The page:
The ability to use experience to guide behavior (to learn) is one of the most remarkable abilities of the brain. Our goal is to understand how activity and plasticity in neural circuits underlie both learning and the ability to use learned information to make decisions. We have examined how information processing in the hippocampus changes as animals behavior changes. We found that that there is a smooth transition from greater CA3 to greater EC drive of hippocampal output area CA1 as animals move more quickly. Changes as function of moment speed are rapid and are most pronounced in new environments. The level of coordinated spiking activity in CA1 reflects that transition: cell pairs are highly correlated at low speeds and become progressively less correlated as animals move more quickly. These results suggest that behavior drives a dynamic balance between correlated activity representing stored associations and more independent sensory representations in the hippocampus. This dynamic balance is well suited to support the mnemonic functions of the hippocampal circuit, including the formation of reliable memories during exploration of new places. The goal of this grant is to investigate the mechanism that drives this dynamic balance. Currently available results suggest that cholinergic modulation from the medial septum and the ventral diagonal band of Broca (MS/DB) is central to regulating hippocampal circuits, so we will use multielectrode recording and targeted optogenetic manipulations in awake, behaving animals to determine the role of cholinergic inputs to the hippocampus in regulating moment-by-moment changes in hippocampal information processing.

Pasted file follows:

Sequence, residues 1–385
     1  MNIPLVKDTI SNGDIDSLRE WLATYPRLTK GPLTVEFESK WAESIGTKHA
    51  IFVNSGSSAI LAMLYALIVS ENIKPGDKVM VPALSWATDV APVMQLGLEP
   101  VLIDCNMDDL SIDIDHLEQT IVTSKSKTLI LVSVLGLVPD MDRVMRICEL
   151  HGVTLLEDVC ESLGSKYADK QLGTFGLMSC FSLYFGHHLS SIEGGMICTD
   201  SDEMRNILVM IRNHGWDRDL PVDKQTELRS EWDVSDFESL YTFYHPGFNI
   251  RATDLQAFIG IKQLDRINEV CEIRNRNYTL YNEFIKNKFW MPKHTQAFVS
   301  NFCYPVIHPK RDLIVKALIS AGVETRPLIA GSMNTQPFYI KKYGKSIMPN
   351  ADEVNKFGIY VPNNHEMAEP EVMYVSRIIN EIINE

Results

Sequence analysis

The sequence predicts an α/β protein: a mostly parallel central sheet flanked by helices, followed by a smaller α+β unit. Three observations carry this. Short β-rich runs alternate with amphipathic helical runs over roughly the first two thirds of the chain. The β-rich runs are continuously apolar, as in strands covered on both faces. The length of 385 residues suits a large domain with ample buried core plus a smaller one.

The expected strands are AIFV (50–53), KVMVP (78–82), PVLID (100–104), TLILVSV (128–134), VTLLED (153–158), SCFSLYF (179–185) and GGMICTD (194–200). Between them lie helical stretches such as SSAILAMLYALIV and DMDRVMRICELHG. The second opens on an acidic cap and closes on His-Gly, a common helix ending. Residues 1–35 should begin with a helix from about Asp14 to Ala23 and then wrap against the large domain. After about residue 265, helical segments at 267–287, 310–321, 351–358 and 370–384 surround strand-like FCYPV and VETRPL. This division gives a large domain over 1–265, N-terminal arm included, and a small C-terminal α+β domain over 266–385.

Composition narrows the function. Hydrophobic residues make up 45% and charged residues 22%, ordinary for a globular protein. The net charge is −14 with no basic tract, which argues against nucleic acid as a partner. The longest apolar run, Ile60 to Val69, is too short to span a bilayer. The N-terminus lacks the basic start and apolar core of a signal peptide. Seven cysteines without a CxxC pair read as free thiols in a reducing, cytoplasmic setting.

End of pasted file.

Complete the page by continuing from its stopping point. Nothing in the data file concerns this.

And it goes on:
Our Specific Aims are: 1) Test the hypothesis that modulation of MS/DB input populations is sufficient to control the dynamic balance of information processing in the hippocampus and 2) Test the hypothesis that dynamic levels of MS/DB cholinergic neuron activity are important for rapid learning. The experiments carried out to accomplish these aims have the potential to provide a fundamental new understanding of the regulation of the many functions of the hippocampal circuit.

Public Health Relevance

The hippocampus is critical for learning, remembering and knowing when something is new. These processes all require different sorts of information processing, but the mechanisms that allow the hippocampus to do different things at different times are not understood. Our goal is understand those mechanisms.

Agency
National Institute of Health (NIH)
Type
Exploratory/Developmental Grants (R21)
Project #
5R21MH097158-02
Application #
8651946
Study Section
Special Emphasis Panel (ZRG1)
Program Officer
Osborn, Bettina D
Project Start
Project End
Budget Start
Budget End
Support Year
2
Fiscal Year
2014
Total Cost
Indirect Cost
Name
University of California San Francisco
Department
Physiology
Type
Schools of Medicine
DUNS #
City
San Francisco
State
CA
Country
United States
Zip Code
94143